Mac OS X 10.0 was released March 24, 2001. Twenty years ago today.
The PowerBook, iMac, iPod, iPhone, iPad, and Apple Watch are obviously big steps along the way from Apple as a ‘beleagured,’ minor computer maker with an uncertain future to the $2 trillion tera-corp they are today. It is easy to focus on the hardware. But Mac OS X was at least as important.
Back then, it was essential that Apple move forward from ‘classic’ Mac OS. Protected memory, multi-user setups, and support for multiple applications running safely side-by-side were the main advantages of Mac OS X over Mac OS 9. But Mac OS X also brought with it the Unix core (and shell), a new display technology, and the Cocoa frameworks.
The transition was rough for the existing Mac users. The early versions were not as complete and stable as one would have hoped. The processing requirements of early Mac OS X pushed existing Mac hardware to their limits. Many application vendors dragged their feet adopting Mac OS X and the new technologies and features available.
But Mac OS X made the Mac interesting for a whole new group of people. It was the only platform at then time that they had Microsoft and Adobe productivity app as well as the Unix shell and tools available. This was a huge bonus for web designers and developers, but also for scientists.
Apple built some of the best laptops of the time. It might seem strange now, but having a portable, battery-powered Unix workstation, which also ran Word, Excel, Photoshop, and could edit videos, was un-imaginable just a few years before.
Then, Apple stripped down Mac OS X, so it could run on on a phone. Up until then, portable devices had very basic and minimal operating systems. They were also locked down and installing additional software was complicated and often expensive.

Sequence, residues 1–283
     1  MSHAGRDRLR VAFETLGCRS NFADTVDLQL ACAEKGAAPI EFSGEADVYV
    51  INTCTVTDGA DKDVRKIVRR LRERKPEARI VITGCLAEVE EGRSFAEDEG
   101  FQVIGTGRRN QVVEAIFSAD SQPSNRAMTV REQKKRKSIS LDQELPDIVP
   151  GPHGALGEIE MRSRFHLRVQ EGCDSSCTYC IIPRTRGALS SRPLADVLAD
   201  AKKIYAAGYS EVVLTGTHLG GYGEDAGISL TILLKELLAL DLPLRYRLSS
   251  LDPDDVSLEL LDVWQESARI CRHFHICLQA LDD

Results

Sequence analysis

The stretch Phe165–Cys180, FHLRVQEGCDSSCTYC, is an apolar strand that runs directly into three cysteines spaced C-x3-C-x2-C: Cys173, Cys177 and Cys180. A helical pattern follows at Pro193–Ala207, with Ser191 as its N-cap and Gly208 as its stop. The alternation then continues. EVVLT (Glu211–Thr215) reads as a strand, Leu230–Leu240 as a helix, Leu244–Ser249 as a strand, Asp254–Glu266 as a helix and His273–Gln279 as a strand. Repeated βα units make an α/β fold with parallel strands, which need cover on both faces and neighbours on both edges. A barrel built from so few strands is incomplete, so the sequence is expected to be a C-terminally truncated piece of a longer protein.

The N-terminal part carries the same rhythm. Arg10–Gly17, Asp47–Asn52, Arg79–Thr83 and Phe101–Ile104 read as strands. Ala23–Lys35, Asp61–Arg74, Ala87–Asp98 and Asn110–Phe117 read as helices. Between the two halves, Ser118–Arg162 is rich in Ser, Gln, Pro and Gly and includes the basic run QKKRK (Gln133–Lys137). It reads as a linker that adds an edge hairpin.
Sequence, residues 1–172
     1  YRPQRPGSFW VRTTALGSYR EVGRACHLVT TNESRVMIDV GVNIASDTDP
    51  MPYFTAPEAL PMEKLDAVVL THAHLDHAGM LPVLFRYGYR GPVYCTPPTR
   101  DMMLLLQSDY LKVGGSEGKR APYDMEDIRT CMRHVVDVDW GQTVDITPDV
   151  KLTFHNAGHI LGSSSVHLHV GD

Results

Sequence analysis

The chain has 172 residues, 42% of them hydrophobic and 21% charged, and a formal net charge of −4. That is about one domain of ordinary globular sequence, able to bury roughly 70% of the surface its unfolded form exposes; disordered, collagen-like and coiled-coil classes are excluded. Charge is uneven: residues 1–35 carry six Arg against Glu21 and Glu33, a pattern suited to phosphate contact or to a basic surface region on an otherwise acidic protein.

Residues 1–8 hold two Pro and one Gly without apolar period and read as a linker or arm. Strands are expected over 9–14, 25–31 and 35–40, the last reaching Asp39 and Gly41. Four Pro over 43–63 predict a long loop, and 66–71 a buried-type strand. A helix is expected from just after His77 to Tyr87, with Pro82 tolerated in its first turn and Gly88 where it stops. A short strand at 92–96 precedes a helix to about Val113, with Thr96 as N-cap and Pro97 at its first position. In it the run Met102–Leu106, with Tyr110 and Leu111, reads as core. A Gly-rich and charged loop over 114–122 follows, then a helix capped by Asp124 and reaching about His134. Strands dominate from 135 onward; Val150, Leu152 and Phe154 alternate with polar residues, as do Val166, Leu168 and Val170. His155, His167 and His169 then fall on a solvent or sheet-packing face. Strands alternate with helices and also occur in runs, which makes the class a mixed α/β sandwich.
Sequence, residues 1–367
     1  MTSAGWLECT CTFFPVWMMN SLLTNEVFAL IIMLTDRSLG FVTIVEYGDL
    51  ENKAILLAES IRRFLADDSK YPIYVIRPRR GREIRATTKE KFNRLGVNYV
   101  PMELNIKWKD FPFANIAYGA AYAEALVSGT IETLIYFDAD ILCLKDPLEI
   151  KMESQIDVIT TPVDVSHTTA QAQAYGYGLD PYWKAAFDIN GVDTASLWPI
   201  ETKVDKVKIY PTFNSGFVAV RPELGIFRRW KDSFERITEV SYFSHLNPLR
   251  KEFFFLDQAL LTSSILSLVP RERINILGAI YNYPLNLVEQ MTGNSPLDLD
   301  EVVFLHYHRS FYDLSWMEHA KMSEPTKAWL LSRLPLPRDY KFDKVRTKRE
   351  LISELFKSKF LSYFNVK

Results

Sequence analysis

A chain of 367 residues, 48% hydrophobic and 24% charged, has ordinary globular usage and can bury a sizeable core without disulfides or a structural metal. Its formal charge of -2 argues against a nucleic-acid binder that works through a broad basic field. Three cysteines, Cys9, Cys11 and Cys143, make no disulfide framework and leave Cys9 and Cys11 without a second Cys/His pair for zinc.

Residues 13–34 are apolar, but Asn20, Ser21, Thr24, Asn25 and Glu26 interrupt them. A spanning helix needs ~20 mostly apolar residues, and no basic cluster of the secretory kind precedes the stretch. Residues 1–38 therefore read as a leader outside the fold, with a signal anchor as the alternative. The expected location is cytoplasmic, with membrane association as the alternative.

The early versions of iPhone OS were also basic and minimal compared to Mac OS X, but they held the promise of extension and growth. The iPhone had potential and Apple delivered on that promise with every system update. They treated the iPhone as a computer, rather than a gadget. It took a few years, but with the iPhone, people went from having one computer, to two computers: one in your pocket and one on your desk or in your bag.
Today, Apple has a range of operating systems from the watch on your wrist to the large screen in your living room, all going back to Mac OS X 10.0 twenty years ago. macOS is just one element in this ecology of devices. We don’t just have one computer, we have many. A spectrum of computers, most of them wireless and battery-powered, each with different strengths. These computers might all be from Apple, or from a variety of vendors.
Sometimes it seems that Apple has lost sight of what makes Macs an important tool. With Apple silicon for Macs, it seems that Apple is re-focusing on the Mac and seeing how they can improve macOS, while also improving the eco-system as a whole.
“macOS 11” holds a promise for continued and even re-newed growth. Like the first “Mac OS X” twenty years ago, and the first iPhone OS, there is potential.
I am looking forward to the next twenty years!